Thor Construction bets big on north Minneapolis

Thor Construction has some splashy design plans for an underused property in north Minneapolis.

With a design that focuses on sustainability and attractive streetscapes, Thor Construction hopes to set new $30 million multitenant office and retail building on a vacant property in the southeast quadrant of and Penn avenues.

Thor, now based in Fridley, announced its plans for the privately funded development Wednesday. Plans are in the early stages, with approvals still pending from the city, Hennepin County and the neighborhood. But if the pieces fall into place, construction could start in the fourth quarter of this year with occupancy in spring 2018, Thor said.

Thor’s in­house design group is working with Minneapolis ­based LSE Architects on the plans for a four­story, 92,000­ square­-foot building in a neglected part of the city. Thor, one of the nation’s largest minority­ owned construction companies, plans to occupy about 11,000 square feet for its headquarters and offer up 65,000 square feet to outside office tenants. The building would also include 16,000 square feet of first­floor retail and 600 underground parking stalls.

Mohammed Lawal, LSE’s principal architect and CEO, said the project team is looking at a rooftop patio with vegetation as a way to capture stormwater runoff in an environmentally sensitive manner on the tight urban location.

The building’s orientation and interior layout are designed to harvest natural light in open and flexible office spaces, Lawal said.

Surrounded by a landscaped plaza with a main entrance facing Penn and Plymouth avenues, the building would feature a concrete­ and­glass exterior illuminated by LED lighting after dark.

Architectural drawings show streetscapes with extra ­wide shaded sidewalks, “pedestrian­ focused” lighting, public art, bicycle storage, seating, native plantings and more.

A dedicated outdoor air ventilation system and radiant heating and cooling in the lobby along with other features would “dramatically lower water and electricity consumption,” according to a press release from Thor.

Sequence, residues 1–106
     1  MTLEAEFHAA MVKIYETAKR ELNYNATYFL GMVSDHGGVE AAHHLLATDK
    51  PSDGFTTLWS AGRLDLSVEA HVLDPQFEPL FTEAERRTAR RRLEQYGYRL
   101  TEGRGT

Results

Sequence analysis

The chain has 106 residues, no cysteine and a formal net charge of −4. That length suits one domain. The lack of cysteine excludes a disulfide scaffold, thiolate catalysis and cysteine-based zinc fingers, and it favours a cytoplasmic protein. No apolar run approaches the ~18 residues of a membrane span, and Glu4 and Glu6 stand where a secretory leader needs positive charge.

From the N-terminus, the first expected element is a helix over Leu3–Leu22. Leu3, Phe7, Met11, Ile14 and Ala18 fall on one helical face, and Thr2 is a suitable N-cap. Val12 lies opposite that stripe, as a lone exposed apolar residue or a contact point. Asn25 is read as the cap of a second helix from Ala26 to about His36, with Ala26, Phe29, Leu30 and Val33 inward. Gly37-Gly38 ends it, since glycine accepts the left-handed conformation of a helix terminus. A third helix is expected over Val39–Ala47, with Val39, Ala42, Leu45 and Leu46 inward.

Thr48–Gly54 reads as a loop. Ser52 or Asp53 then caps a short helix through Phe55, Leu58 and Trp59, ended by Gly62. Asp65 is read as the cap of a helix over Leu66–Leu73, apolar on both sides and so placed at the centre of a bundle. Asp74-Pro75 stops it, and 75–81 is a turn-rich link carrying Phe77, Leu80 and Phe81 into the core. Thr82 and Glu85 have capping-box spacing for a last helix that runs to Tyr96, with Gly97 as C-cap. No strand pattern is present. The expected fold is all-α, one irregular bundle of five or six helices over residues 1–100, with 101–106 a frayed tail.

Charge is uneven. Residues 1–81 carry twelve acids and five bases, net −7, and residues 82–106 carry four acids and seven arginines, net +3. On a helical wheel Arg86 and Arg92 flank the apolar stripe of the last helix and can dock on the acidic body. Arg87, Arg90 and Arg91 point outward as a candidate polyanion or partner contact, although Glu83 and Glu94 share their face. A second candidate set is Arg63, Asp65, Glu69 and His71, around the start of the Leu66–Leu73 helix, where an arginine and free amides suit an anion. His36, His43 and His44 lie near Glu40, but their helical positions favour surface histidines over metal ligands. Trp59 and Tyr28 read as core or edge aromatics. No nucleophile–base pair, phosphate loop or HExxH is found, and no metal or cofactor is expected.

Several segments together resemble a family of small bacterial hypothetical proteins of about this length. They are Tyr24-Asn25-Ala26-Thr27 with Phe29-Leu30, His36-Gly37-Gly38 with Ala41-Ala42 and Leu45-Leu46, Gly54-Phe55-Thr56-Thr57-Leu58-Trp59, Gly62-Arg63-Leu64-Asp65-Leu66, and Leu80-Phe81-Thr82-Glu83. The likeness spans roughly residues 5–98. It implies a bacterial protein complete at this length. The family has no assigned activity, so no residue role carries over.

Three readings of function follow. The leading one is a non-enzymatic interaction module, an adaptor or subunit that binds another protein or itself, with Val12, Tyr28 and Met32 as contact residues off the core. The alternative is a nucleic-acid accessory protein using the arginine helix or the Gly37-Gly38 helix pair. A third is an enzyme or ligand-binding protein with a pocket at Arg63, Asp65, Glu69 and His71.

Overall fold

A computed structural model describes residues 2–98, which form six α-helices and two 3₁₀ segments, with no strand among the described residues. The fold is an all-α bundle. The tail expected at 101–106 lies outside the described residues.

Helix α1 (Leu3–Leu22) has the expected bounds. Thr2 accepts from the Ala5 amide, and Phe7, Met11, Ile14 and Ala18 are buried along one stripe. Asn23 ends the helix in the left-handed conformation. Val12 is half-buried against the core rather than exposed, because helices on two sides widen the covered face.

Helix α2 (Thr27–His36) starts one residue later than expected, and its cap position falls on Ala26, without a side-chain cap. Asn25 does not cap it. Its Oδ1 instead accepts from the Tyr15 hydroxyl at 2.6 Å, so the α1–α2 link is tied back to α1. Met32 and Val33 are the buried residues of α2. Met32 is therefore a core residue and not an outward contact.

The design team is also touting the site’s accessibility to Metro Transit’s planned Penn Avenue Bus Rapid Transit
project, also known as the C Line. The $30 million to $35 million line is scheduled to start operations in 2018.

Two of the proposed Bottineau Light Rail Transit stations also would be within walking distance of the building.

Ravi Norman, president and CEO of Thor, said the new parking ramp would support the future expansion of the non-profit NorthPoint Clinic at 1313 Penn Ave., in addition to serving office and retail users.

Thor is working with Colliers International to line up retail and office tenants, with an eye toward financial and medical services tenants and a full-­service restaurant.

Ideal office tenants would “support the planned onsite minority innovation and entrepreneur hub, as well as minority entrepreneurs themselves,” Thor said in a press release.

Norman said Thor has received letters of interest for about 63 percent of the space to be leased.

Potential tenants include the Community Reinvestment Fund, Metropolitan Economic Development Association, North Central Minority Supplier Development Council and Jog Associates, he said.

Thor plans to act as its own general contractor for the project, but would recruit minority subcontractors and workers from the neighborhood.

The company wants to put its “corporate stakes down in a part of the city that is yearning for private sector investment and commercial real estate development,” Norman said.

“We want to lead with our dollars and actions, not just our words,” he said in an interview.

Thor is looking into federal New Market Tax Credits as a financing tool, and the development team may seek some help for soil correction. Other than that, it’s a privately funded development, Norman said.

Barbara Johnson, a Minneapolis City Council member who represents a district that includes the project area, said she’s pleased that Thor wants to put some money into the neighborhood.

“It’s very good to see that people are trying to see what they can do, not from afar, but with investment,” she said.

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